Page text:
Borehole Radar

Borehole radar is an impulse relection method. A transmitting antenna emits short electromagnetic pulses which propagate through the medium surrounding the borehole and are partly reflected on any boundary between materials with different dielectric properties. The reflected signals will be recorded by a receiving antenna and the reflector‘s locations relative to the borehole can be determined from the travel times. This method facilitates the detection of layer boundaries, cavities, karstic structures, weathered zones or anthropogenic structures.

Furthermore crosshole or tomographic measurements between different boreholes can deliver detailed information about the area between these boreholes. Inhomogeneities like natural or anthropogenic voids , air-filled or sediment-filled karstic structures or areas of increased moisture can be estimated in their location and dimensions.

Borehole radar offers a quasi-continuous and thus very fast measurement and can be applied in dry, air-filled but also water-filled boreholes down to a depth of about 1000 m. Thanks to this time and cost efficient method you can gain structural and spatial information about the geology and tectonics of the investigation area as well as about anthropogenic bodies around the boreholes.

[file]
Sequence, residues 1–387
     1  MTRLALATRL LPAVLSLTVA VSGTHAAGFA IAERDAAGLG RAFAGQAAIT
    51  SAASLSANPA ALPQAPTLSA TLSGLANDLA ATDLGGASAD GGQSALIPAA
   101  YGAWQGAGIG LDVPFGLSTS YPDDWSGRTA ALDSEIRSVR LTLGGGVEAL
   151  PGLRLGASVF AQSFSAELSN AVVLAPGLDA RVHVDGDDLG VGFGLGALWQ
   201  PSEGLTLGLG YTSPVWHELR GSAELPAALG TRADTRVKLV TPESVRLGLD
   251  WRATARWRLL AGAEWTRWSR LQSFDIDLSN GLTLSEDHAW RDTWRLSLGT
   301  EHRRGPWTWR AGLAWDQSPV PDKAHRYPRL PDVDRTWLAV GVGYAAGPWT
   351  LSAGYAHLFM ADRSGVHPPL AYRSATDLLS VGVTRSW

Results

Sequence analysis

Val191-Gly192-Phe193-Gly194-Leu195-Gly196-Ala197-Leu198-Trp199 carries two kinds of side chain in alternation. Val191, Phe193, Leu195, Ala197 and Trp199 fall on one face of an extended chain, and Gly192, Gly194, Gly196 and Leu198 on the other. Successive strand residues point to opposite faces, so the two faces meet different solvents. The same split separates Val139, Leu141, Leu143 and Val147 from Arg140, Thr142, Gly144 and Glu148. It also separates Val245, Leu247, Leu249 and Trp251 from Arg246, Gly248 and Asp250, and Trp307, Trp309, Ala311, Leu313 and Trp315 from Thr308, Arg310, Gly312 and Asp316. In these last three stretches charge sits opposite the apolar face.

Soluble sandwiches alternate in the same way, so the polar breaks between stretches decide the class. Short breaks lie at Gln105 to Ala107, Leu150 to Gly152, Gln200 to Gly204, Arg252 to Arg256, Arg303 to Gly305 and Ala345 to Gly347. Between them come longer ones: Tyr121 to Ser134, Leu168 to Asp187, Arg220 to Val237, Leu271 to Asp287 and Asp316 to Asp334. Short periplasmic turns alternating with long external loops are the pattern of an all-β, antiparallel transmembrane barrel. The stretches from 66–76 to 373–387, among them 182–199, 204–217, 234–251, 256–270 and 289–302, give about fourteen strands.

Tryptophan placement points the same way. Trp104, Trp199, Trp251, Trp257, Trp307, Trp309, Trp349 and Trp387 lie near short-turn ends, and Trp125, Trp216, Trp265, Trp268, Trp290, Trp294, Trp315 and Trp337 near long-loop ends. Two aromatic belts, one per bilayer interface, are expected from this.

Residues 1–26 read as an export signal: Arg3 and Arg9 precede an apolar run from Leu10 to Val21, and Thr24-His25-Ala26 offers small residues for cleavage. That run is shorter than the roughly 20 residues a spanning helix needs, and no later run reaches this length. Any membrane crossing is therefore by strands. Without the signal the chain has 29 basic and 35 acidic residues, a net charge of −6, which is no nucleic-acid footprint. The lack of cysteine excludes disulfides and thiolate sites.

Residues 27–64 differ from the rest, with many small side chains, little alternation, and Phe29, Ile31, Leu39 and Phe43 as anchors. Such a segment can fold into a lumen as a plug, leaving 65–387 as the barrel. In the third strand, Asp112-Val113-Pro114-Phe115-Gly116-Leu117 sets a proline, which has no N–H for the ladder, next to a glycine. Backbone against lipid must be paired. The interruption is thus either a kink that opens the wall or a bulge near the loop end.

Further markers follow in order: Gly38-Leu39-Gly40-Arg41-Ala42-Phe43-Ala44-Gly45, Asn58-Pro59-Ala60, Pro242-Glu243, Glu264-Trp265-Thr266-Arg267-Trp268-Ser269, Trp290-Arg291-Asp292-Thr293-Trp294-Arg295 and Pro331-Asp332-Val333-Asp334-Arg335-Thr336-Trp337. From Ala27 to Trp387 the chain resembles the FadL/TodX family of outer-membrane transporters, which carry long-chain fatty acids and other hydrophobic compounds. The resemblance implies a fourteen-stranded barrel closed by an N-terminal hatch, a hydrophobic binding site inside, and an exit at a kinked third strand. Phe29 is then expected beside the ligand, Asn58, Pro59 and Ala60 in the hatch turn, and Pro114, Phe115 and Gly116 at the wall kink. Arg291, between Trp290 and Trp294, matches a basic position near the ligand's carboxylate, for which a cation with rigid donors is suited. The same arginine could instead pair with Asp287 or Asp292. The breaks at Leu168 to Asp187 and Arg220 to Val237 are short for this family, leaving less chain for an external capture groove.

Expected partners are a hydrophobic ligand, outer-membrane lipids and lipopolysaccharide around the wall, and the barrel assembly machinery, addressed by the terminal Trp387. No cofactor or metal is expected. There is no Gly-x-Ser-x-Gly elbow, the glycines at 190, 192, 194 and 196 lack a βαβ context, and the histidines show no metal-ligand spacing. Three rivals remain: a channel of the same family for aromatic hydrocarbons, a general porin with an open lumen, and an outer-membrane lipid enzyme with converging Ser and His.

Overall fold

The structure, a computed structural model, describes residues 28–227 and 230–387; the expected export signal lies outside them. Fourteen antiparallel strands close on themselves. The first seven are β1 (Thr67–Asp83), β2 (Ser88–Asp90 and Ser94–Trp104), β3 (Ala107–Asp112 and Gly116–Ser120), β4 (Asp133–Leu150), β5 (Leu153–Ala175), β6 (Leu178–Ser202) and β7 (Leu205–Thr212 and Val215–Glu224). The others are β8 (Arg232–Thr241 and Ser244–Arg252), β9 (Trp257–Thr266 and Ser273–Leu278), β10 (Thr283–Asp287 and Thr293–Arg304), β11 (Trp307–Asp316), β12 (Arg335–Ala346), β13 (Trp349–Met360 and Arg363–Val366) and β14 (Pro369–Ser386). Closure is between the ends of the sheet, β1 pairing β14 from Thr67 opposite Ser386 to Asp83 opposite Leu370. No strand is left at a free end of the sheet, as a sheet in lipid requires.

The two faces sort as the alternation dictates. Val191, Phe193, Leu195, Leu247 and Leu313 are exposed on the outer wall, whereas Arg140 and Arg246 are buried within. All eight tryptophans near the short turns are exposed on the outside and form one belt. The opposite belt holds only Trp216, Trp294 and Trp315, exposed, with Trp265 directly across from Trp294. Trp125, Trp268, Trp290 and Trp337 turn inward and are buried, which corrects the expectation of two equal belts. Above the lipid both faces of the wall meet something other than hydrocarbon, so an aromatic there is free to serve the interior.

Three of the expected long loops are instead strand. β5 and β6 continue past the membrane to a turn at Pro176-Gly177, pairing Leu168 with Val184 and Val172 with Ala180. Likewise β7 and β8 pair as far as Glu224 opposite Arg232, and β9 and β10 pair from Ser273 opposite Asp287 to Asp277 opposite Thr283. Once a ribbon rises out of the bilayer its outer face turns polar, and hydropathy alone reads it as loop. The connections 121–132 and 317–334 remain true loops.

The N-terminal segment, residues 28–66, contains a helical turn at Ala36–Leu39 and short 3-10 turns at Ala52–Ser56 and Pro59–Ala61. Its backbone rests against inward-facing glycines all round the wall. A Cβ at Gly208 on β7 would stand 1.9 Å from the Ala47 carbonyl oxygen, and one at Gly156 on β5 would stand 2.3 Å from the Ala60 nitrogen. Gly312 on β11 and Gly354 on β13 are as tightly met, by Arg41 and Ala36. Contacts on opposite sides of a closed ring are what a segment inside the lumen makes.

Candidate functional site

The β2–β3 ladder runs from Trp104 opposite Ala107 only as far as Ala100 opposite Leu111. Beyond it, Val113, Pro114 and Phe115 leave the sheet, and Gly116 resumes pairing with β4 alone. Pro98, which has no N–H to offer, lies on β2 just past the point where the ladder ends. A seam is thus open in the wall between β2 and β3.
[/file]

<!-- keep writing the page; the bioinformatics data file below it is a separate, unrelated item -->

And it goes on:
• Borehole radar measurements for the detection of karstic structures in tunneling
  • Principle of borehole radar reflection measurement
  • Principle of a crosshole measurement (left) and tomography measurement (right)